There was moreover the matter of Barbie’s measurement.
The doll is a perfect 1-to-6 scale of an on a regular basis girl, Spencer says, that signifies that if Barbie had been human, she’d be about 5-foot-7. Her human-ish proportions — wasp-waist and mile-long legs nonetheless — meant that each one the issues Barbie wore wanted to look “right.”
Splashy patterns posed a selected downside, on account of they wanted to be appropriately scaled down. Spencer says that in these early years, sooner than the suitable experience passed off, the design crew normally hand-painted their material samples. “If we were three millimeters off on certain things,” she says, the look is perhaps ruined.
Barbie’s tiny gear — from necklaces to hats to pearl-studded earrings — wanted to be painstakingly proportioned, too.
But for Spencer, who for years admired couturiers equal to Dior and Pauline Trigère, along with the native California sportswear designers, the job was a dream come true.
She devoured fashion magazines, from Vogue to Seventeen, in quest of ideas. When that failed, she regarded to her private closet. She moreover beloved leisurely walks by way of the streets of Los Angeles, taking inside the varieties. “My house is located just a few blocks from Beverly Hills,” she says. “If I wanted to see high fashion, I could go over to Neiman Marcus or Saks Fifth Avenue. The French fashion houses, from Claude Montana to Yves Saint Laurent — they all had their shops here.”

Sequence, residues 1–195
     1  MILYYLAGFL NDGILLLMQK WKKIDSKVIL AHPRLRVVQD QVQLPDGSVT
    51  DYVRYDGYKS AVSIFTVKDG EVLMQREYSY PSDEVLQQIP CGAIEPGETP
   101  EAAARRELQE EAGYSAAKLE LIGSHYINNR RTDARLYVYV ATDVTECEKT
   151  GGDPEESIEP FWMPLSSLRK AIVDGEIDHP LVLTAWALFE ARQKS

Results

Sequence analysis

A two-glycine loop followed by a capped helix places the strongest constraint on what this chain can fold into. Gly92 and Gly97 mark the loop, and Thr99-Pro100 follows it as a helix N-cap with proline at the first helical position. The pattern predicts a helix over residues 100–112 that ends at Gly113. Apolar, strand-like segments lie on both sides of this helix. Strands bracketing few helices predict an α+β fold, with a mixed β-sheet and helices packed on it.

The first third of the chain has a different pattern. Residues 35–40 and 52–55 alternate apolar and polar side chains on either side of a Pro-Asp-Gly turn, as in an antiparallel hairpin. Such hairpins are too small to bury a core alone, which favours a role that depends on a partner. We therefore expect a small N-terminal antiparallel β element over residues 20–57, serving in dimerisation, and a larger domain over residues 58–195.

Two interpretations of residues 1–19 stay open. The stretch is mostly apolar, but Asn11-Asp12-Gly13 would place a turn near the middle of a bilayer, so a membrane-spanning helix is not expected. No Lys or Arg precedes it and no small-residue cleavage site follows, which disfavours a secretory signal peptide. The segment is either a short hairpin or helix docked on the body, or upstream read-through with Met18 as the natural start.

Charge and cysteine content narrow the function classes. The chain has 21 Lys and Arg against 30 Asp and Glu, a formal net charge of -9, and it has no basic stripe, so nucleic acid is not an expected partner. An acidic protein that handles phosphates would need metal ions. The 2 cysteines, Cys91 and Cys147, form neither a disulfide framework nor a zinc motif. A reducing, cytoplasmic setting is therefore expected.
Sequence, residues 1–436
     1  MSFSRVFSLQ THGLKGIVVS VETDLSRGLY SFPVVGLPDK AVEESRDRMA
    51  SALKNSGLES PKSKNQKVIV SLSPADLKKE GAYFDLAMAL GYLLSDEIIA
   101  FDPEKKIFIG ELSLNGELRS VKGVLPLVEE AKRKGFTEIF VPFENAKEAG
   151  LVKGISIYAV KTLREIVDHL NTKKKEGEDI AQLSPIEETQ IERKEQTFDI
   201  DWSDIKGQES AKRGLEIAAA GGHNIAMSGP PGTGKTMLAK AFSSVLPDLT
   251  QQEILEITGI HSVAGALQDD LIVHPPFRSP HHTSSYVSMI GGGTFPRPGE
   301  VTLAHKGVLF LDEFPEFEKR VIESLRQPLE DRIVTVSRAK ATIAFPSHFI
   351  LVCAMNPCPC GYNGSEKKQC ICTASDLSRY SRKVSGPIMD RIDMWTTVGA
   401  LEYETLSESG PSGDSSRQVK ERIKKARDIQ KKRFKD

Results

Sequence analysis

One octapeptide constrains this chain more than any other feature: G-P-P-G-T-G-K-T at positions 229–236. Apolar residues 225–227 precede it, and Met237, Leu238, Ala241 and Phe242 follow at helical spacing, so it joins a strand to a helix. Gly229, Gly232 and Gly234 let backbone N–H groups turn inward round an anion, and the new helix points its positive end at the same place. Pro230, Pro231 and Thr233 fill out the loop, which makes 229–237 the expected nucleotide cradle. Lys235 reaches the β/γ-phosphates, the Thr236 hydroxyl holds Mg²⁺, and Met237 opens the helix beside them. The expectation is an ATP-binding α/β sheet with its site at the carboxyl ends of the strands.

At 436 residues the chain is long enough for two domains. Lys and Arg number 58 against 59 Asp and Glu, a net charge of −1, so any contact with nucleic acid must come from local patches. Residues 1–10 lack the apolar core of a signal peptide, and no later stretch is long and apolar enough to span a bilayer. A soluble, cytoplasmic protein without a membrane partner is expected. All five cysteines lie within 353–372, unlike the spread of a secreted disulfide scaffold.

It was Saint Laurent himself who gave Spencer one in every of her most memorable compliments.
Spencer says she met the famed Frenchman inside the late 1960s, at an enterprise luncheon in Hollywood, Calif. At the time, the designer was on the height of his fame, having not too way back debuted his colorblocked Mondrian assortment down the runway. But when Spencer and her colleagues launched themselves, she says Saint Laurent was just about deferential.
1960s “Trailblazers” Barbie and “Fur Sighted” Barbie, in Spencer’s designs.Elizabeth Lippman
“He said he always looked at the Barbie line to see what we were coming out with,” she says. “It was wonderful.” Later, she let herself take into consideration line of trendy pantsuits she did for Barbie would possibly want impressed Saint Laurent’s mannequin of the swinging ’60s fashion.
As her duties grew, Spencer’s work with Mattel took her in every single place, from New York, to the Carolinas and even Asia, the place she spent two years inside the late ’80s, stationed at a producing unit in Hong Kong.
But in the end, she says, she started shedding steam. “I just couldn’t hold it together any longer,” she says of retiring in December 1998. “I could color my hair, and cover up the gray, but not the wrinkles,” she jokes.
And so she said goodbye to Barbie, although she nonetheless retains an entire bunch of the dolls in her consuming room. “You never eat alone in my house!” Spencer says.
And although she’s had some “wonderful relationships” since that broken high-school engagement, Spencer — like Barbie, on no account formally married. “I’m still looking for Mr. Right!” she says, laughing.